You can get a multiple-entry visa under similar conditions. It is valid for up to one year and allows you to enter the country for several stays of three weeks each.
Want to Work in Oman?
If you are hoping to take up employment in Oman, you can only do so under the visa sponsorship system. In order to qualify, you must be a foreign national between the age of 21 and 60 and have a confirmed job offer from a company in Oman. Your future employer becomes your visa sponsor.
Your employer needs to request a labor clearance from the Ministry of Manpower. Sometimes, they also need to contact a professional association in your field of employment (for example, in the healthcare sector). The HR department will usually let you know which documents they require for this part of the application process (e.g. professional qualifications, diplomas, references).
In addition to the official labor permit, the following paperwork is typically required for an employment visa application:
- valid passport (original and copy)
- several passport-sized photographs
- health certificate from an approved foreign clinic and attested by the Ministry of Health
Bringing Your Family with You
The spouse and children under the age of 21 of a work visa holder can submit an application for a family joining visa, provided the employee has a minimum monthly wage of 300 OMR, is working in a senior job in Oman, and lives in accommodation rented in their own or their employer’s name. The visa allows the sponsor’s family members to reside in Oman but not to work there.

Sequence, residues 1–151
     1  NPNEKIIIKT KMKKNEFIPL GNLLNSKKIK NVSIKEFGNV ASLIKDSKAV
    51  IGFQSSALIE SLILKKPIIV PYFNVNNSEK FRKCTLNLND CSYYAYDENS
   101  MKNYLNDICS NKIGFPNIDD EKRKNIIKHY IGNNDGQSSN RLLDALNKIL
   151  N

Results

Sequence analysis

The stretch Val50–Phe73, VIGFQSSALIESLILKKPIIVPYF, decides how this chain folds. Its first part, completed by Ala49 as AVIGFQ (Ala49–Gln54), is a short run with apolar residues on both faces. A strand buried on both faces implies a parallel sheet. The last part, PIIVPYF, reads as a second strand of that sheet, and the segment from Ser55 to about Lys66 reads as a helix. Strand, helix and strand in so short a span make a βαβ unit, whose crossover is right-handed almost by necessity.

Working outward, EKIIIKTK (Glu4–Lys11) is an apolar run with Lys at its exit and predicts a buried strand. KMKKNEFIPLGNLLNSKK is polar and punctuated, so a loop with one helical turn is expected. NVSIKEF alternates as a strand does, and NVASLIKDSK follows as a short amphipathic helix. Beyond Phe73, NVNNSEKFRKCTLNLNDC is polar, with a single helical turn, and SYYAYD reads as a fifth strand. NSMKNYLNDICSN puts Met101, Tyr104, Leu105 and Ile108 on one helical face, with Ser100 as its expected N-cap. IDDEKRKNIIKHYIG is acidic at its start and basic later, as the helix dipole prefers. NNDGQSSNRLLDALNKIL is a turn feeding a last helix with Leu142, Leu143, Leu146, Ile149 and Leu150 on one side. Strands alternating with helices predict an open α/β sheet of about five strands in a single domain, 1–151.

For a successful visa application, both parties have to include a copy of their passport, and the employee must attach the copy of their valid labor/resident card, a copy of their lease agreement, as well as proof of their income. The latter can be, for example, a signed form by the Ministry of Manpower on the employee’s salary or six months’ worth of bank statements. The applicant also needs to include two passport photos in color.
Most importantly, you need to provide proof of relationship, for example a confirmed copy of the marriage or birth certificate, approved both by your embassy and the Ministry of Foreign Affairs. Lastly, for certain nationalities, health certificate requirements apply to family members, too.
Two Combined in One: The National ID Card
After arriving in Oman, expats are required to get their national ID card.
You have to apply in person at the Directorate General of Civil Status of the Royal Omani Police. Normally, you need the following documents:
- your passport
- a medical certificate
- a completed application form
- your work permit and a clearance from the Ministry of Manpower (for expat employees in the private sector)